Our speaker this month will be Matthew Collins. Matthew may be familiar to some of you as the resident geek on BBC Northern Ireland’s Great Unanswered Questions, where he inhabits the famous wicker chair with his trusty lap-top interjecting pearls of wisdom from the world wide web. Matthew is also a stand up and we are very lucky to see him preview some of the material he will be performing at this years’ Edinburgh Festival. An academic with a love of science, puzzles, beards, big words and the game of thrones. I think you’ll agree a perfect match for an audience of skeptics.
Atheist Ireland are hosting a public meeting on furthering the idea of separation of church and state in Ireland. The meeting is to be held in the Malone Lodge on Tuesday 27th November with author and president of the Indian Rationalist Association and Rationalist International, Sanal Edamaruku, who is facing blasphemy charges in India, instigated by the Catholic Church, for exposing a crying Catholic statue as being caused by faulty plumbing and capillary action.
Other events are being held in Cork, Galway and Belfast (Dublin event took place on Saturday 24th), to promote separation of church and state in Ireland and internationally.
- 3 pm Sunday 25 November, Metropole Hotel Cork
- 7 pm Monday 26 November, Cairnes Theatre NUI Galway
- 7 pm Tuesday 27 November, Malone Lodge Hotel Belfast
Michael Nugent and Jane Donnelly of Atheist Ireland will speak on the need for a secular constitution, laws, government, courts, education system and healthcare system, both in Ireland and internationally.
We are very pleased to announce this month’s speaker: Dr Steven Baker, Lecturer in Film and Television Studies and author — yes, it’s on 1st Nov, but don’t let that fool you, it’s still our October event!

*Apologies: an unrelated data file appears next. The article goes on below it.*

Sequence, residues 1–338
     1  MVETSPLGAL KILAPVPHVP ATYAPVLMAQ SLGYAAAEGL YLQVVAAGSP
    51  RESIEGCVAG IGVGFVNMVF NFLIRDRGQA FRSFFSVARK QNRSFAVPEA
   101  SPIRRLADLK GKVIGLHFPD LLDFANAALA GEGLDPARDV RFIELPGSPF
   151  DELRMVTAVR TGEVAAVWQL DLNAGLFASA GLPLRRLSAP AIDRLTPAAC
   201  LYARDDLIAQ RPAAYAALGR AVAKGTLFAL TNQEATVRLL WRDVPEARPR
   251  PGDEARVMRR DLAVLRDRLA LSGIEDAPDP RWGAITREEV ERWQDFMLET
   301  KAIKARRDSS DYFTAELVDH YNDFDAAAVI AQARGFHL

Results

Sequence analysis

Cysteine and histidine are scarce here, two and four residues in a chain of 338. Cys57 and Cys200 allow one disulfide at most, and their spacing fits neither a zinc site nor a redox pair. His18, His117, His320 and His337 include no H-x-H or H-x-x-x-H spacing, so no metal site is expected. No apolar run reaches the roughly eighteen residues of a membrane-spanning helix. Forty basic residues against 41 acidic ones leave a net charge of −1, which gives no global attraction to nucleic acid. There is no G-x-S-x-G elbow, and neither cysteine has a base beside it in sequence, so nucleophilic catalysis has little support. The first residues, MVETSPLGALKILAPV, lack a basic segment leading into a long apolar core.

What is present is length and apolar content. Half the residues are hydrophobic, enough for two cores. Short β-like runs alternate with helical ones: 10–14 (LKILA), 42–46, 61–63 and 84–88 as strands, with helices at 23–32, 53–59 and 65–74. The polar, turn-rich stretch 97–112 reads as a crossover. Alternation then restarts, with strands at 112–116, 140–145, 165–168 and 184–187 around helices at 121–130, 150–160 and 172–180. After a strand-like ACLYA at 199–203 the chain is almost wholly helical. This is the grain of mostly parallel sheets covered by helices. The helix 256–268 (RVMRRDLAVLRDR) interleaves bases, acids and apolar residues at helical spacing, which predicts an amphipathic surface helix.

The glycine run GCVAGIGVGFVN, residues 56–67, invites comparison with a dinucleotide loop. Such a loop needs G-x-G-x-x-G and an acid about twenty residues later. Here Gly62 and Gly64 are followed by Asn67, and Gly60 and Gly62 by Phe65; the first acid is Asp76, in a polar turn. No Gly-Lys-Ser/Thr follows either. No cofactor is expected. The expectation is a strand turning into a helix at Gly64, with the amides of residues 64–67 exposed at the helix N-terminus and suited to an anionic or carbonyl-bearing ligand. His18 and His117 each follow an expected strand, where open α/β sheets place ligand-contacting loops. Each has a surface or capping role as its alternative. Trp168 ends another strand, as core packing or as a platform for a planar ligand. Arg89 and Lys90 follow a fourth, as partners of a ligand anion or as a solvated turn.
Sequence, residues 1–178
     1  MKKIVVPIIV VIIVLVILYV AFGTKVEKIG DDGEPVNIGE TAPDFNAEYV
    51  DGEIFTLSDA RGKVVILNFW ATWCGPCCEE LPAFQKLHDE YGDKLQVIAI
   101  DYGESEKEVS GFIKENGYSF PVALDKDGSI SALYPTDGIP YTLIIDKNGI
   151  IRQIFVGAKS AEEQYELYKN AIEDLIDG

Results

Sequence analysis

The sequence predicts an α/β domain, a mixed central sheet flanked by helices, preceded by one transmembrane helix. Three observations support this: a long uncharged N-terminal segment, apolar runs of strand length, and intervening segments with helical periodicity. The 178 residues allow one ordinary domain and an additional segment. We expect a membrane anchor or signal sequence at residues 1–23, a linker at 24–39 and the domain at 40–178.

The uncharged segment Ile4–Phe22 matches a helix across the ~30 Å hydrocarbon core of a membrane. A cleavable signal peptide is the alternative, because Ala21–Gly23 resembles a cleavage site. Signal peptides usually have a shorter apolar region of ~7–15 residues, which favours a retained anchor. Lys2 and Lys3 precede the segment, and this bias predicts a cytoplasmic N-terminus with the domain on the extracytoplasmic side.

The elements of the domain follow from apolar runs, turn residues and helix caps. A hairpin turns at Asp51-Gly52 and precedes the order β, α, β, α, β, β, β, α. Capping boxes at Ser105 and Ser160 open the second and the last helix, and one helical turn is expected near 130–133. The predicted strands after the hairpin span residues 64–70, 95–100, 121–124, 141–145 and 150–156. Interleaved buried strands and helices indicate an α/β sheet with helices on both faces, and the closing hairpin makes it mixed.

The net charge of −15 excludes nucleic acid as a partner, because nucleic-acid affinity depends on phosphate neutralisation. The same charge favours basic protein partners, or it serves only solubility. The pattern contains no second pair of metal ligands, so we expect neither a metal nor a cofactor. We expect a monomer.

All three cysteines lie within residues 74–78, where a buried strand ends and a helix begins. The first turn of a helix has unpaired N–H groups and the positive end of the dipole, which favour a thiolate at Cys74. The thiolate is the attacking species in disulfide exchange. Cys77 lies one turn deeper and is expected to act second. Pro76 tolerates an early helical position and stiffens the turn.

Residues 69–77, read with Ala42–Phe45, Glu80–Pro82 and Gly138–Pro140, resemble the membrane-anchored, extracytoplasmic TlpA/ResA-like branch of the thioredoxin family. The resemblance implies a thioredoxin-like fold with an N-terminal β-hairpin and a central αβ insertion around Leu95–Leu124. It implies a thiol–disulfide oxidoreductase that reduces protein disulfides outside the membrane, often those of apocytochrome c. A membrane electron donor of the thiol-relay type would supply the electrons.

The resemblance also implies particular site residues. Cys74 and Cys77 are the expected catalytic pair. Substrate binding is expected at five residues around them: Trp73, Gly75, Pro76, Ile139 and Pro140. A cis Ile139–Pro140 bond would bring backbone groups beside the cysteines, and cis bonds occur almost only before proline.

With the media being such an intrinsic part of our lives, understanding and deciphering the bias and uncovering the truth from the untruth can be difficult. Specifically, what impact did the media in Northern Ireland have on the peace process?
Stephen Baker is a Lecturer in Film and Television Studies at the University of Ulster. He is the co-author, with Greg McLaughlin, of The Propaganda of Peace: The role of the media and culture in the Northern Ireland Peace Process (2010) and together they are currently working on a new book entitled The British Media and Bloody Sunday (forthcoming 2013). Stephen also researches and publishes work analysing representations of class in British film and television drama.
The Propaganda of Peace considers the media and broader cultural representation of Northern Ireland during the peace process. In particular it argues that the media played a significant role in persuading the public to accept the new political dispensation. The argues that to really appreciate the cultural shift that attended Northern Ireland’s political transformation, requires us to look across a broad range of factual and fictional representations, from journalism and public museum exhibitions to film, television drama and situation comedy. Ultimately the authors ask whether the ‘propaganda of peace’ actually promotes the abandonment of a politically engaged public sphere at the very moment when public debate about neo-liberalism, financial meltdown and social and economic inequality make it most necessary.
Before enrolling as a mature student in Media Studies at the University of Ulster in the mid-1990s, Stephen made a series of ill-fated attempts at working for living; as a van driver’s mate, a shop assistant and a civil servant. For a short time he was an ineffective shop steward for the Transport and General Workers’ Union and in 1996 stood in the Northern Ireland Forum elections as a Labour Coalition candidate in the Strangford constituency. He didn’t get elected but has the consolation of being on first name terms with just about everyone who voted for him, so few were there.
Stephen is a socialist of no fixed political abode, who defies the maxim that as you get older you get more right-wing.